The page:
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View Full Version : Type of M.E. Time

11-25-2014, 01:56 PM
This is my first thread, so I hope I am in the correct Forum. My question is: What type of M.E. time does Corporate and Part 135 operators like to see in your logbook? I know that the regional airlines do not care if its Seminole, Duchess, DA-42, etc., but does Corporate and Part 135 value High Performance Multi more?

11-25-2014, 02:29 PM
According to your profile, you are showing KA90 time. You have nothing to worry about.

11-25-2014, 04:47 PM
It's all about supply and demand. But generally turbine is better, glass/turbofan is best.

But as long as you have a minimal amount of piston ME time (say 200-300), you could probably get your glass turbine time in an ASEL turboprop. 135/91 would be more flexible on this than major airlines...ASEL TPIC really won't work for the majors unless it carried weapons.

11-25-2014, 05:26 PM
Depends where you apply. I have four engine piston experience and type ratings. I've applied to some places that lump it in the same as a Cessna 150; all piston.

Turbojet experience is ideal if you're applying for a turbojet position, particularly if you're seeking a PIC job and not a copilot position. Some places want specific experience with the avionics, FMS, etc. It's very common for employers to want recent experience in type.

You can chase specific flight time all day long and I've known some that did; went out and paid for this type rating or that, in the hopes it would get them in the door. Type rating in hand, job openings came up wanting 250, 500, or 1000 hours in type. The rating was nearly useless. Some took a job, got a little flight time (doesn't build fast at some operations), then found they still weren't marketable because they didn't have what the next company wanted. They had their type rating, had a few hundred hours, but the next employer wanted more. It's always the rating you don't have, the hours you don't have, yada, yada, yada.

If you've got a good job that's getting good experience and you're comfortable, gain whatever flight time and experience you can, and always be looking (and applying). Far better to turn down a job you don't need, than find yourself out of work (furlough, department closure, downsizing, mergers, bankruptcy, flavor of the day, etc) and have no prospects.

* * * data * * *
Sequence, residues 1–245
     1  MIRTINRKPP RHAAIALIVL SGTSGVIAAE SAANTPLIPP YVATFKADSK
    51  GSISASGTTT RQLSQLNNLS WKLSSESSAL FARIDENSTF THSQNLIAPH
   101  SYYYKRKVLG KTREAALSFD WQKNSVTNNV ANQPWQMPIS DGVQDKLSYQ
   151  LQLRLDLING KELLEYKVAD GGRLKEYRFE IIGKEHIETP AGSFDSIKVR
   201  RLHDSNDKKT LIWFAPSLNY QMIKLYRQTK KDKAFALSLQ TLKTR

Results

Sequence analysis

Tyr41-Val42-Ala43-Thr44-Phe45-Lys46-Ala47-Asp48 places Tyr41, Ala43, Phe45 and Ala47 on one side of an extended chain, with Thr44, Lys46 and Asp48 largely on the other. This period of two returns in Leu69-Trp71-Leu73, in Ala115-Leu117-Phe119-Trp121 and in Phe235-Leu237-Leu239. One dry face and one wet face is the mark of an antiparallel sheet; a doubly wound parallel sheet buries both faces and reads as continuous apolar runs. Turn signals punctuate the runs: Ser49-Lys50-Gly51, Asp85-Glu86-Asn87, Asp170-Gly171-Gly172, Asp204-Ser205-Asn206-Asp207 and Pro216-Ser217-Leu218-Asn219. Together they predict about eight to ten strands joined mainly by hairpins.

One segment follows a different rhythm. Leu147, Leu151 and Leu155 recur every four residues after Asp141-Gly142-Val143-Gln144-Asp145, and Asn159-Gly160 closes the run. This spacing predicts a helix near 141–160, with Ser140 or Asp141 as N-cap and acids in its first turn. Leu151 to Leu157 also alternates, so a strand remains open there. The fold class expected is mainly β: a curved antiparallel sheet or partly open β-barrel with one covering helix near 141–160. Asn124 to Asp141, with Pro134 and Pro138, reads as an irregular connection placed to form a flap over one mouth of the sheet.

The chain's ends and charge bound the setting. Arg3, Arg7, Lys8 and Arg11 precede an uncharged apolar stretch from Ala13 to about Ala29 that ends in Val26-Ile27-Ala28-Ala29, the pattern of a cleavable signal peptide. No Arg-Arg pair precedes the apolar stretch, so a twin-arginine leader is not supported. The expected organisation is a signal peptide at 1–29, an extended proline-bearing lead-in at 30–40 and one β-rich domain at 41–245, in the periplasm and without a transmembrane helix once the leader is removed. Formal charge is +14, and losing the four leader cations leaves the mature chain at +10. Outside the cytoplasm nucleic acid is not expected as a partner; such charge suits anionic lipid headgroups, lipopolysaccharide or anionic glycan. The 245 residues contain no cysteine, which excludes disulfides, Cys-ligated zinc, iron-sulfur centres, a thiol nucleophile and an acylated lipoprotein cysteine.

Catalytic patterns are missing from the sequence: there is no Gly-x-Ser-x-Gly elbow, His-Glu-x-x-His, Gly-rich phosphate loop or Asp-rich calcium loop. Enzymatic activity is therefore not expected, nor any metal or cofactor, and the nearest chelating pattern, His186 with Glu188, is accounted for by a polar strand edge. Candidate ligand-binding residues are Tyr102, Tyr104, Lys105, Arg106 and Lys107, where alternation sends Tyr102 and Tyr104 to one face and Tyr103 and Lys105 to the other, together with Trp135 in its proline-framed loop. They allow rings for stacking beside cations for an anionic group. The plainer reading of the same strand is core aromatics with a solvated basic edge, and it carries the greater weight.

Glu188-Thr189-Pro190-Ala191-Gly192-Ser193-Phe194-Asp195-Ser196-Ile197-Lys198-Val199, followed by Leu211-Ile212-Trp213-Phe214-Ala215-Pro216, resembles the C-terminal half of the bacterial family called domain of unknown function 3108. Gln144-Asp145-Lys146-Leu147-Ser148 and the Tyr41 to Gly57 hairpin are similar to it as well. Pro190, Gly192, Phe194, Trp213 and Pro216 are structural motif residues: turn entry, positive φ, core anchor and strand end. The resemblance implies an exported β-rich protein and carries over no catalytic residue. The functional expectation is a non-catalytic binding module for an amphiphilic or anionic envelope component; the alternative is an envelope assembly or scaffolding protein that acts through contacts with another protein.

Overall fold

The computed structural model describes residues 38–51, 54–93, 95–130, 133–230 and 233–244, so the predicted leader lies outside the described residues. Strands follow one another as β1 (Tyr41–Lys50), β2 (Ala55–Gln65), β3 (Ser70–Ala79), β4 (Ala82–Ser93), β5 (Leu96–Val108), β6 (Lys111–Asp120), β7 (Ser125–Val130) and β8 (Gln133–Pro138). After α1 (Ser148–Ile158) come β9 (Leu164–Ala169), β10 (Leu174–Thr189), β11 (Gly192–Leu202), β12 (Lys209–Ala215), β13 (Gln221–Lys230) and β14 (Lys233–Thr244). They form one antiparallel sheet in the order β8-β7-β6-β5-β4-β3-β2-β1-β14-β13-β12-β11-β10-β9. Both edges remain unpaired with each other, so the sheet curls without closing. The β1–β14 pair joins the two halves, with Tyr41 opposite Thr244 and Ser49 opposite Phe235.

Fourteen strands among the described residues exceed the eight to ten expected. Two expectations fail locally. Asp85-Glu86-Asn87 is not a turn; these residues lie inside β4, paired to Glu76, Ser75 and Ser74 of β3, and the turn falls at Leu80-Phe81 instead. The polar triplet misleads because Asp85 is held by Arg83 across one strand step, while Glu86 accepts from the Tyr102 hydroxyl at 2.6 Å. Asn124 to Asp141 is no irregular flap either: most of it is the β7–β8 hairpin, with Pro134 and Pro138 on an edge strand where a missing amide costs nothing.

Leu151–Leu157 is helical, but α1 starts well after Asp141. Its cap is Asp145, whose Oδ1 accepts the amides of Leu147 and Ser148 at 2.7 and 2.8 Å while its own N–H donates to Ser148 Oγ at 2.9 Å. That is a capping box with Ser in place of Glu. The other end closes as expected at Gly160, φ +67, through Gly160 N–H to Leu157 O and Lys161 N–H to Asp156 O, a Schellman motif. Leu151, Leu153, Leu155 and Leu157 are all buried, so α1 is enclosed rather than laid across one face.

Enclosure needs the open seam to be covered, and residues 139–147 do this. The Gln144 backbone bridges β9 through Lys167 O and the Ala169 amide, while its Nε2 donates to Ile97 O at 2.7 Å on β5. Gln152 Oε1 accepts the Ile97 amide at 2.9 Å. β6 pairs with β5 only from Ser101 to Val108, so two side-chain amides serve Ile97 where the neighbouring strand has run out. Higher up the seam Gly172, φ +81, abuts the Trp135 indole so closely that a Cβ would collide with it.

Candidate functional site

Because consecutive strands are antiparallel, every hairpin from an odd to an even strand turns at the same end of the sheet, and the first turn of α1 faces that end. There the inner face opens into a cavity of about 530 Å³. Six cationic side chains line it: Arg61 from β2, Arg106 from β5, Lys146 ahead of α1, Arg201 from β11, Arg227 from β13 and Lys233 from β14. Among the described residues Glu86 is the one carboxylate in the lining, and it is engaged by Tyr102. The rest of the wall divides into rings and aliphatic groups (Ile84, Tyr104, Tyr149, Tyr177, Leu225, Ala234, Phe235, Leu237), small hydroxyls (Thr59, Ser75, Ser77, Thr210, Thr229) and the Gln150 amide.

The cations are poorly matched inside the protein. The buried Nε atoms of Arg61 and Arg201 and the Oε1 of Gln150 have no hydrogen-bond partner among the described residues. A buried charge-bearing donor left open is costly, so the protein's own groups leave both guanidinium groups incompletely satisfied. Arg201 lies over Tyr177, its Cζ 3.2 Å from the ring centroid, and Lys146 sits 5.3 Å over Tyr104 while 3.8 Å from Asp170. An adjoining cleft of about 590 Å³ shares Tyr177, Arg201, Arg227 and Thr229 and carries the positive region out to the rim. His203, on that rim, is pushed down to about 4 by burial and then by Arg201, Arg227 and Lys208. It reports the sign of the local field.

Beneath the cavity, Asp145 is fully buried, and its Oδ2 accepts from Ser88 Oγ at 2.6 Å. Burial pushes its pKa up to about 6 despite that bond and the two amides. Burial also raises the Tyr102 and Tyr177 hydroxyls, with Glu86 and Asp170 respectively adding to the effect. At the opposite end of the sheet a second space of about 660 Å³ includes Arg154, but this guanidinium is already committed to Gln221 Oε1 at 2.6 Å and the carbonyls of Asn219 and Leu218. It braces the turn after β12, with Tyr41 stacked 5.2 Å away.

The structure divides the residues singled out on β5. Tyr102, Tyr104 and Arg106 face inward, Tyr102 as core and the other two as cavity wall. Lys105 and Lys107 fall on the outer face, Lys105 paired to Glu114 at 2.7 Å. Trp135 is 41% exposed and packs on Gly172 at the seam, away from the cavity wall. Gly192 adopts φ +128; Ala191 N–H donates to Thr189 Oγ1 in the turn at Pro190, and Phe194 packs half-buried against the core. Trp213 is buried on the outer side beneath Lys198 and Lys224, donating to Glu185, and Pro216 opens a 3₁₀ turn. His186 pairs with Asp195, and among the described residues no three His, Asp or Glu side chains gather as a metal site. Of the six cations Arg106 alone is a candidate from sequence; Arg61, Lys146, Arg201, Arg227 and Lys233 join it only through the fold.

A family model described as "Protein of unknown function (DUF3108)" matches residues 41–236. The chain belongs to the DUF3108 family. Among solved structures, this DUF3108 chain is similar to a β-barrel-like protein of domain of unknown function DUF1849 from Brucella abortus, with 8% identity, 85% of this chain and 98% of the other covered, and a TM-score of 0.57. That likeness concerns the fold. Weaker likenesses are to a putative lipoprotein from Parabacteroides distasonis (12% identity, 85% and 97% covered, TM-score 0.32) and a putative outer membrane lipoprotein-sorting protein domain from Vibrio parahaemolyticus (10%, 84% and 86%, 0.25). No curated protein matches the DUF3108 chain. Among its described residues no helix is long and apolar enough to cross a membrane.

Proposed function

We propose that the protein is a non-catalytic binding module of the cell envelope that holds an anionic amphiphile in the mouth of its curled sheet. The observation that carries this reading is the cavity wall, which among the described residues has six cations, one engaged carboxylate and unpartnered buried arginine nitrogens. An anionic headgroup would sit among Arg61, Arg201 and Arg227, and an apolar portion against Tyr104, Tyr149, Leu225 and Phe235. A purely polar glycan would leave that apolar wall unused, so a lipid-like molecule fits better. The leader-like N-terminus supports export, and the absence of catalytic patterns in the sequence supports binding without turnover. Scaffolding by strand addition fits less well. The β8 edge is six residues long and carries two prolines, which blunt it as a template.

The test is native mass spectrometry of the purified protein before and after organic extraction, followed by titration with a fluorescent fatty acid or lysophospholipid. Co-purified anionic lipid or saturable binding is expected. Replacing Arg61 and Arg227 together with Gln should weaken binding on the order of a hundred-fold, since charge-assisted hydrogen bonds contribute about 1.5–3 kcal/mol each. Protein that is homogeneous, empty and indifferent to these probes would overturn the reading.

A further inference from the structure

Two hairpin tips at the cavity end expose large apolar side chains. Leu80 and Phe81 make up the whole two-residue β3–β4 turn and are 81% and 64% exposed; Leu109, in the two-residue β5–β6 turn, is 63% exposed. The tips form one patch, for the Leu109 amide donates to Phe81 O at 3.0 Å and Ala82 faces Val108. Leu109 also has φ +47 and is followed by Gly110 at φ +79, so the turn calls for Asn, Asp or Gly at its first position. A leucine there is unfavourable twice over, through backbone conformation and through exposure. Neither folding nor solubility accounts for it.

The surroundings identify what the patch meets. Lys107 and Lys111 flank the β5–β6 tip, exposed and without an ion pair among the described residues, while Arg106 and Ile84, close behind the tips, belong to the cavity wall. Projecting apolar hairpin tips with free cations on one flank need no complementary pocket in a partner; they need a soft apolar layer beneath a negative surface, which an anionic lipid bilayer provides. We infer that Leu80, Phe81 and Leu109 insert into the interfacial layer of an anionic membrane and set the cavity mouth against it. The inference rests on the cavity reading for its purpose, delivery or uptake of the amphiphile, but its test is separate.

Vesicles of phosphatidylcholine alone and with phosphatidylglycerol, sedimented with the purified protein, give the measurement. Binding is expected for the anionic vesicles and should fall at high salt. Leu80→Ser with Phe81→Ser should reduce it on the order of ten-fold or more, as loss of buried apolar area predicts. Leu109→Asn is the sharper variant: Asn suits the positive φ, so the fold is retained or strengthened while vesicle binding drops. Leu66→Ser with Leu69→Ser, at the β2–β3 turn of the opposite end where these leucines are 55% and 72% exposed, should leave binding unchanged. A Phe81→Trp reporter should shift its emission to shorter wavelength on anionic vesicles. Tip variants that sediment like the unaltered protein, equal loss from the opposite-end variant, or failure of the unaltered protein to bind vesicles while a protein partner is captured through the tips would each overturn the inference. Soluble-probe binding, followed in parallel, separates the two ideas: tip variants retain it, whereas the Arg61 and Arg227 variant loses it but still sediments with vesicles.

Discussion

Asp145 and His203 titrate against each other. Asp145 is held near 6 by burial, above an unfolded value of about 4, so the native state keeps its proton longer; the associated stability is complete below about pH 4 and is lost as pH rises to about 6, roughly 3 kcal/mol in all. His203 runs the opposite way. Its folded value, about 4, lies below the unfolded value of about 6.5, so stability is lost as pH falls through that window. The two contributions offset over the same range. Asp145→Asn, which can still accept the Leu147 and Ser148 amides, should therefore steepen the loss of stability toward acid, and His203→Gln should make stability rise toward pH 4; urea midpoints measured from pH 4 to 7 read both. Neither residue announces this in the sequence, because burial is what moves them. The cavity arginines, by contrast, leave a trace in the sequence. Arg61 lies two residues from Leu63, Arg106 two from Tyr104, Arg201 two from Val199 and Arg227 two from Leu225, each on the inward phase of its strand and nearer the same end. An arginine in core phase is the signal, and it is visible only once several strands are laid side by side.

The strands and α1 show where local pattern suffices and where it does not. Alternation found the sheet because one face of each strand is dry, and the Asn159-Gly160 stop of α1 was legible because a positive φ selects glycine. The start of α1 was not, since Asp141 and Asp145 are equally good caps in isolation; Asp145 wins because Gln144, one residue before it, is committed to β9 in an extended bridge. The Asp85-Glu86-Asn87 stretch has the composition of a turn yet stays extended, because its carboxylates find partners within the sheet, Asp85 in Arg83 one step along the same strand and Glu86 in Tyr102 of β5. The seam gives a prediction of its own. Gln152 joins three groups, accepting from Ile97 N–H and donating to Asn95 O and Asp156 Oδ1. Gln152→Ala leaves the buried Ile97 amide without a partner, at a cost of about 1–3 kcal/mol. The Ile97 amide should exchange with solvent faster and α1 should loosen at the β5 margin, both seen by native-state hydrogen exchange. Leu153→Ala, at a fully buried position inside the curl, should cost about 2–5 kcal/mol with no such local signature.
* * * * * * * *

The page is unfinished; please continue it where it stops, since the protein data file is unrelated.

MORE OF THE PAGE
I've known a number of individuals who had no pilot in command experience; they jumped at the big brass ring at a regional, gained plenty of SIC time, but couldn't get hired elsewhere or progress until they had the requisite PIC experience. I knew flight engineers in the same boat, who had the basic certification, wanted to upgrade, but needed more experience.

PIC multi experience is most valuable to you in terms of hours, and for a given job, that experience in type. It's very employer and aircraft and situation-dependent, however. What one employer requires, another may not.

Be careful of too many jobs or too frequent a move, or moves that are seen as lateral without a good explanation. Some employers like a broad, well rounded background, others do not.

It's worth doing the research on your target market, and on the specific employer you're chasing, too. Know what they want, and who they are. If you're looking to progress in the IFR white collar environment in aviation, generally seek turbine multi PIC, turbojet if you can get it. Flying in the system with passengers may be more valuable to you if you're looking to a corporate department or airline, t than flying skydivers, but remember the basic rule; any flying is better than no flying, and currency counts for a lot, both flight currency, and instrument currency. You may find that the job you want has an aircraft with a garret turboprop, but you've been flying Pratt...and that's the experience you lack. You never know. Gain what you can, wherever and whenever you can, and apply. See what you get. If you don't get, apply somewhere else.